[FILES] President of the Senate, Ahmad Lawan (left), and Deputy Senate President, Ovie Omo-Agege. Photo/facebook/DrAhamdLawan1
Senate Committee Chairman on Public Accounts, Matthew Urhoghide, yesterday, said an amendment to the Petroleum Industry Act (PIA) would be carried out by the Senate once it resumes from its recess following the condemnation that trailed the ceding of three per cent to host communities in the Petroleum Industry Act (PIA).
The senator representing Edo South Senatorial District disclosed this in Benin City, Edo State while fielding questions from journalists.
He said: “When we get back, the PIA is going to probably get the first attention of amendment. Any law, no matter how new it is, once it is signed into law, somebody can call for the amendment of the PIA when we resume. It will go through the first and second reading, then to the committee for further legislative action and public hearing. And if it succeeds, it goes through a third hearing and once it is passed, it goes to the President for the amendment of the PIA.
“So, we are expecting that because of the hues and cry of the Niger Deltans, the president will probably send it back to the National Assembly and it will go by way of substantive motion back on the floor to say that bill that was passed into law needs amendment and we can now reopen it. The president has already signed it and can only come by way of an amendment to the act.”
He noted that although the bill had been signed into law by the president, there was still a lot of optimism about the amount of money that the oil companies would bring to the host communities.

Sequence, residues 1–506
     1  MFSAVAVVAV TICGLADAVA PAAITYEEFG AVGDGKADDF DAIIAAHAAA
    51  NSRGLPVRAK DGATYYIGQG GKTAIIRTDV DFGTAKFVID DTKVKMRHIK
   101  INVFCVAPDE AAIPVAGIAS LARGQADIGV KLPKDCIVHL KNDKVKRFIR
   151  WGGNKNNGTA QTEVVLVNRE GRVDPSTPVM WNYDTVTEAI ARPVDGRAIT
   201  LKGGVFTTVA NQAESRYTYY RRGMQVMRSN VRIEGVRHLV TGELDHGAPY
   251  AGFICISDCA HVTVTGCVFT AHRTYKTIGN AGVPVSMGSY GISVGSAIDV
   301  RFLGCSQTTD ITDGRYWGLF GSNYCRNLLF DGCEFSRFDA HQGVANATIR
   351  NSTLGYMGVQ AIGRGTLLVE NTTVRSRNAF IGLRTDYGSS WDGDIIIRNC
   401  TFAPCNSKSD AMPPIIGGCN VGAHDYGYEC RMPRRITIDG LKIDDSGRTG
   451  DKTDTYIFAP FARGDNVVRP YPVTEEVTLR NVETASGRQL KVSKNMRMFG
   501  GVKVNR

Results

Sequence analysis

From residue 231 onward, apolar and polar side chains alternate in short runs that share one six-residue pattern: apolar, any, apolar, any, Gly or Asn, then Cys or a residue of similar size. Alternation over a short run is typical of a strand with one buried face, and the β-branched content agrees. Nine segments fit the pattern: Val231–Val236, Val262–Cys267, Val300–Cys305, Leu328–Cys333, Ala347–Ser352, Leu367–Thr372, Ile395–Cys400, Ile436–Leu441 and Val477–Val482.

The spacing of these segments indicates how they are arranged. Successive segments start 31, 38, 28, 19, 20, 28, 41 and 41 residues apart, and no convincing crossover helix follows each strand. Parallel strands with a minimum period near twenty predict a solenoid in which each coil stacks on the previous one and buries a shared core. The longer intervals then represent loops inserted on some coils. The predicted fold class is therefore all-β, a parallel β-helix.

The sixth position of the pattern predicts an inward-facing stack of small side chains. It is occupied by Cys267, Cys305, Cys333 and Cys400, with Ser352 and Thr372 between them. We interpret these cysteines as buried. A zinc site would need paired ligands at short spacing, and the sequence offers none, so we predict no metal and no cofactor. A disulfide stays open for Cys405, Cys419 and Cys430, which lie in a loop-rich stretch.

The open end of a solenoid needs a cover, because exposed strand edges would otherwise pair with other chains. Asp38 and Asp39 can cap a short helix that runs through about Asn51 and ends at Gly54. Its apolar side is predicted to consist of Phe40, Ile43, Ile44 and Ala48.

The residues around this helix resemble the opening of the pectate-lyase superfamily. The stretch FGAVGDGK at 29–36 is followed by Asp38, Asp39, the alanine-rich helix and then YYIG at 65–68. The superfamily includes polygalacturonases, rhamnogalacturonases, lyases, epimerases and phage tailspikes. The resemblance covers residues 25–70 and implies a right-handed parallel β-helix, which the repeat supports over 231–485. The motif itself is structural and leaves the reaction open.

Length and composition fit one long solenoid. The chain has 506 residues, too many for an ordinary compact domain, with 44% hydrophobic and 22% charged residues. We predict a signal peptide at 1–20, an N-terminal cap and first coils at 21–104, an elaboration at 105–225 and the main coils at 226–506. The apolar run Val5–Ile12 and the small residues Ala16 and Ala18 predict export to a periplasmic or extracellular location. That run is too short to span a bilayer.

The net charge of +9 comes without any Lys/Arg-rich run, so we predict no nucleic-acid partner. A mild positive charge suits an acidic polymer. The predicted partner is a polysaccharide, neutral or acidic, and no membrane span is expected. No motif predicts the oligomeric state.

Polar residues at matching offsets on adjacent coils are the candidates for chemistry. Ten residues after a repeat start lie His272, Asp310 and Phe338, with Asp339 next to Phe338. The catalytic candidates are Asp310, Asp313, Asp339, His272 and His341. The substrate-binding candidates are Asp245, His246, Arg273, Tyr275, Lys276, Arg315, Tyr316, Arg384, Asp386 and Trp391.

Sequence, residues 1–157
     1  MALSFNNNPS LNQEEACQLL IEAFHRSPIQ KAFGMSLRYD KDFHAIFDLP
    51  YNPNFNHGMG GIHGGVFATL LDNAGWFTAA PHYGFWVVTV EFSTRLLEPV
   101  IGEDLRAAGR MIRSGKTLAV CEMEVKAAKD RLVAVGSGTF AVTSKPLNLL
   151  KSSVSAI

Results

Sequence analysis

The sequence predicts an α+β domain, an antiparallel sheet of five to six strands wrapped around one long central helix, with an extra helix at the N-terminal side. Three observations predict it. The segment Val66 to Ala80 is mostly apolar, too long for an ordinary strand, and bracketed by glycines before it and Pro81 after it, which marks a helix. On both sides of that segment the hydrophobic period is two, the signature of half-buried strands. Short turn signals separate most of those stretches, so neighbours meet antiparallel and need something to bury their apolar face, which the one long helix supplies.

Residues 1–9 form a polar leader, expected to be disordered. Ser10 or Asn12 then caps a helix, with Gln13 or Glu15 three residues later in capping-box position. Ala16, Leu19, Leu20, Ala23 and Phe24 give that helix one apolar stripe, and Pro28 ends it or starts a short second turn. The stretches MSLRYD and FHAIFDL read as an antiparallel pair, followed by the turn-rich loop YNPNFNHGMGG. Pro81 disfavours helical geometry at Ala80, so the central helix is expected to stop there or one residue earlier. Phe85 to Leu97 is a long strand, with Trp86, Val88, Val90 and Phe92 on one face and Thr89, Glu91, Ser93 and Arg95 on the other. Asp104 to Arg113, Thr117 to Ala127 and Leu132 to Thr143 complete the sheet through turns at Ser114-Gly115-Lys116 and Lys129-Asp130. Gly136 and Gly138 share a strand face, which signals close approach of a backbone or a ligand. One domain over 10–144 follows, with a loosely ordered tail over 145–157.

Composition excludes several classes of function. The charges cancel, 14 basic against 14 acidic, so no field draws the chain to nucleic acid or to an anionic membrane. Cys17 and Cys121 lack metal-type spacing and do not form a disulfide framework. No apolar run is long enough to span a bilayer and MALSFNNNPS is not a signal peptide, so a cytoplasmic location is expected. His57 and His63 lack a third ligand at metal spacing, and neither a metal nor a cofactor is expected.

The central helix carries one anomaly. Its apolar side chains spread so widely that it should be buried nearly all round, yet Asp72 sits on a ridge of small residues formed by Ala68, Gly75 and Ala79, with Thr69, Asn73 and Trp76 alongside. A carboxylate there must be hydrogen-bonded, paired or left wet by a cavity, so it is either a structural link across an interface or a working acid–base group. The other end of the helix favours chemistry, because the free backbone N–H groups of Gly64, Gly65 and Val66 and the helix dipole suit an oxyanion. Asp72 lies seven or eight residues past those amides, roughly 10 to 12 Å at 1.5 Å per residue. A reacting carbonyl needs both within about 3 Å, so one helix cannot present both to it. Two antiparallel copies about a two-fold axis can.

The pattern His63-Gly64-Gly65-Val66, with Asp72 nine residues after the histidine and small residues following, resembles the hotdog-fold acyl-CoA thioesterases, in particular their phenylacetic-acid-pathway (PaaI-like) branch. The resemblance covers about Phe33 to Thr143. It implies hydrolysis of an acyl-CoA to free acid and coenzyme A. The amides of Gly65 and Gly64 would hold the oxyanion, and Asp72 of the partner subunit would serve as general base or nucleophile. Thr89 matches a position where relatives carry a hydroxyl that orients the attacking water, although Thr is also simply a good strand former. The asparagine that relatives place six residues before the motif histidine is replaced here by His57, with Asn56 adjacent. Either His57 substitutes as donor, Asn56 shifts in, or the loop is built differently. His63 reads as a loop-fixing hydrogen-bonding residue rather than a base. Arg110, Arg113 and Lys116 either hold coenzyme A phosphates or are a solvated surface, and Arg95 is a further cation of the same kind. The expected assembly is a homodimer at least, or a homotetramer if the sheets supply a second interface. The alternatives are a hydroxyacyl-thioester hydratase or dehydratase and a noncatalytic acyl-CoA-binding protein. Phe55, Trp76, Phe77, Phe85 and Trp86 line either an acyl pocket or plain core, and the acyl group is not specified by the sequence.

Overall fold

“We didn’t have it before. Now that we have it, how do we administer the money? Is it not going to go through state governments anymore? Will, there will be interference and that is why in the constitution of the Host Community Trust Fund Committee, who and who will be there because the investors will oversee it? There will be a need for assessment for everything that will be done with the money. Certainly, we want the money for the communities,” he noted.
Commenting on the amendment of the Electoral Act, he said: “For an amendment to the Electoral Act, the area that was contentious was the electronic transmission of results from the polling units to the collation centres.
“People can truly express their wish through the ballot at the polling unit but the point between the polling units and the collation is where the problem lies. It is either the Electoral Officers introduce new result sheets on the way or they change figures.
“So, we said it should be transmitted electronically from the unit to the server even if you have to do physical collation, the results will be there. But what has played out was party politics.
“The Independent National Electoral Commission (INEC) has already said they have the capacity and they don’t need to go to NCC. Section 78 of the Electoral Act is very clear that INEC is independent and doesn’t take instructions from the National Assembly neither will it take instructions from the NCC.”